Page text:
I just want to talk about the importance of rail to my riding of New Westminster—Coquitlam. Specifically I am talking about Port Moody where we are celebrating 100 years of history. Just this weekend I was at a book launch hosted by the Port Moody Heritage Society for Tracks in Time. Obviously the title is in reference to trains and the influence that trains have had on the development of our community and on the west coast, and in fact, of all Canada. The rail system is of critical importance to our community. We celebrate the Golden Spike festival in Port Moody every Canada Day. This just points to how important trains are to our community.
Talking about the importance of trains not only to the community but to the rest of my riding, it is important to focus on the efficiency and the service that trains provide to Coquitlam, Port Moody and of course New Westminster. It is important for the economy not only in my riding but in western Canada and indeed all of the country. It is critical that we look at ways to improve train service in this country.
I want to provide a bit of background. I know other colleagues have commented specifically about what the bill would do and would not do and some of its shortcomings.
Rail freight customers from farmers to mining companies are suffering from the virtual monopoly of power of the railway companies. In most parts of the country shippers cannot choose between rail service providers because they only have access to either CN or CP. Even in a few places where both rail companies provide access, one is virtually priced out of the market, leaving the shipper with no real choice. Shippers routinely suffer from service disruptions, delays and various forms of non-performance by CP and CN. Deliveries and pickups are not done on time or skipped completely. Frequently the number of ordered rail cars is not matched by the delivered rail cars and sometimes cars are damaged.
A broad range of industries are affected by the situation, especially agriculture, forestry and mining. In western Canada these industries play a significant part in the economy. Chemical and automotive businesses in the rest of Canada are also affected.
A large portion of these goods are destined for export. Lacklustre rail services are thus hurting Canadian exporters' abilities to compete in global markets. For example, soybeans from Argentina enjoy a competitive advantage in markets such as Japan and China because they are delivered faster and more punctual than soybeans from Canada, despite the fact that the total distance covered is significantly shorter for products from Canada. For years shippers have been unhappy but no concrete action was taken by the Conservatives. Since 2007 a “talk it out and wait” tactic was employed, starting with the promise of an expert review panel.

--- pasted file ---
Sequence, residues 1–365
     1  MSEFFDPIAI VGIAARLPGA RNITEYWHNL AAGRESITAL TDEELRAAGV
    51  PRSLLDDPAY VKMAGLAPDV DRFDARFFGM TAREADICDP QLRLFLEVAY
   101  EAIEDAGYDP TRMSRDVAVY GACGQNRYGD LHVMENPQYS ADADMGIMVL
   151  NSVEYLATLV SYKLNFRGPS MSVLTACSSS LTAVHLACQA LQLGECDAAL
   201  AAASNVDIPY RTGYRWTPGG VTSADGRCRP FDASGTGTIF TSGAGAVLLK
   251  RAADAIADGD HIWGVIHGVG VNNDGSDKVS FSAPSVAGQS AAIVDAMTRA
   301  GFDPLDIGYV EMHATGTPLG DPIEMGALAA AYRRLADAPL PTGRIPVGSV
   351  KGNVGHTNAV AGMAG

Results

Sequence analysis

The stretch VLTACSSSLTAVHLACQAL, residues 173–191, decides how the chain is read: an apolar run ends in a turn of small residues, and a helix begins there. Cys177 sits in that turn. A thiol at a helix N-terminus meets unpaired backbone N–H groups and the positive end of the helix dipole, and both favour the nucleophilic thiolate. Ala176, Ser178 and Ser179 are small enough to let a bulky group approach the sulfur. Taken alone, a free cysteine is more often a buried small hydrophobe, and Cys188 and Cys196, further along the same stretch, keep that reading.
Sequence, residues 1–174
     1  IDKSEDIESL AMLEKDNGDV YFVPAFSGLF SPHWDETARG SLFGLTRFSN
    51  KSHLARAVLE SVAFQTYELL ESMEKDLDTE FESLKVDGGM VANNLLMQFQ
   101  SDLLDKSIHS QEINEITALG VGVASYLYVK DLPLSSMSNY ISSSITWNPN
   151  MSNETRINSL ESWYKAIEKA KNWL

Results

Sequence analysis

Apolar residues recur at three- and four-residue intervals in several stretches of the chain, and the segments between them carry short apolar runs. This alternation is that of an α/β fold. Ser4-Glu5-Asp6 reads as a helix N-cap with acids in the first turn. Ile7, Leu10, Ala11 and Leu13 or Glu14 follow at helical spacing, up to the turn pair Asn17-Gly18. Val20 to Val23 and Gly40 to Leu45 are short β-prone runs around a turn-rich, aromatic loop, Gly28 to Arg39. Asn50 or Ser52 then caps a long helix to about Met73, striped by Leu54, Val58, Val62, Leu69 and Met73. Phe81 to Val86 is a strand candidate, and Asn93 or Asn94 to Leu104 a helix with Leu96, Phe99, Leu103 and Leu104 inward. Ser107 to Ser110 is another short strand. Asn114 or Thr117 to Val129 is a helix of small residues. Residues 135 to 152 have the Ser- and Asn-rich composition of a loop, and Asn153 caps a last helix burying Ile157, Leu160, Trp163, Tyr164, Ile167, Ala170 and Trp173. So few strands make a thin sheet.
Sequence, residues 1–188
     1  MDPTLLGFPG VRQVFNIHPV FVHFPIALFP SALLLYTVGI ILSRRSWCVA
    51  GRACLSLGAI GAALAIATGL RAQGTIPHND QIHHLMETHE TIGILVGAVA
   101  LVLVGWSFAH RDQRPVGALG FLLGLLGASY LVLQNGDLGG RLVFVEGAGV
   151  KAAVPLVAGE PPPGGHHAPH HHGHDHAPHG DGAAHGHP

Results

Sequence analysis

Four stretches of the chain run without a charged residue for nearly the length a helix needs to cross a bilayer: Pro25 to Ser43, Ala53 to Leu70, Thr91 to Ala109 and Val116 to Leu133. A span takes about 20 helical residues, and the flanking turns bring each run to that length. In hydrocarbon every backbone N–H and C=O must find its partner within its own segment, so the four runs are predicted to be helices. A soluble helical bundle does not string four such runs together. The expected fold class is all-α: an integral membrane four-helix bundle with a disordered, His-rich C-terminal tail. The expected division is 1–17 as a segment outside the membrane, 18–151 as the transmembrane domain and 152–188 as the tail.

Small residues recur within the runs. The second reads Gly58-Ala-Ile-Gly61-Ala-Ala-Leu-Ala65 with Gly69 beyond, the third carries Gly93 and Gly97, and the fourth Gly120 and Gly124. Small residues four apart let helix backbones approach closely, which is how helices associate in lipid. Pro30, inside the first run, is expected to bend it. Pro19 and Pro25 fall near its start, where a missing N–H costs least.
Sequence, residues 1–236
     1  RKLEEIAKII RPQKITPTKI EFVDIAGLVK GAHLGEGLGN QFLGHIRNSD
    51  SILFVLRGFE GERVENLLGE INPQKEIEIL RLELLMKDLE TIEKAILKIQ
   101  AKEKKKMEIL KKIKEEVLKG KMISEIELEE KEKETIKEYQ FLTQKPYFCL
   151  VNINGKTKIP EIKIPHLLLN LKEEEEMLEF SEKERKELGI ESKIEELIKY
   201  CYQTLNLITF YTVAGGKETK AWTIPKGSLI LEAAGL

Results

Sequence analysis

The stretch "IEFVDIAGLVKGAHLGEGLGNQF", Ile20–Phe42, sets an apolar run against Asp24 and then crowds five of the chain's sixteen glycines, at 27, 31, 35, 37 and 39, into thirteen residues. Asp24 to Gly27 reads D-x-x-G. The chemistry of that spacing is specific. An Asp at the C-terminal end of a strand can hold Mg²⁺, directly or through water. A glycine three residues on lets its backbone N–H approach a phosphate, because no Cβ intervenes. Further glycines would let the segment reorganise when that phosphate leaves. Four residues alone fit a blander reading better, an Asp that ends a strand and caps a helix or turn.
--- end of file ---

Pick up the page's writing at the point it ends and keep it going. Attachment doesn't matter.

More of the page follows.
The rail freight service review started in 2008. The independent panel tabled its final report in early 2011. Half a year later, in the fall of 2011, the Conservatives initiated a mediation process that did not yield any results. Presumably, with the tacit backing from the Conservative government, CN and CP were unwilling to make any meaningful concessions. The mediation process, led by retired Conservative politician, University of Calgary Chancellor Jim Dinning, failed. Dinning released a report in June 2012.
The Minister of Transport promised government legislation on the topic to be tabled in the fall. Parallel to the end of the mediation process, the member for Trinity—Spadina tabled a private member's bill, Bill C-441, the rail customer protection act, in June 2012. The private member's bill, coupled with advocacy work from the shipping community, put pressure on the minister to follow up on his promise and actually table legislation.
The shipping community is organized in a coalition of rail shippers. The coalition is a loose and rather informal entity. Organizationally this group is attached to the Canadian Industrial Transport Association. The coalition consists of 17 members that represent mining, forestry, agriculture, chemical and manufacturing industries. One of the original 18 members repeatedly has been brought up in the U.S. Senate, both on the floor and in committee without decisive legislation as of yet.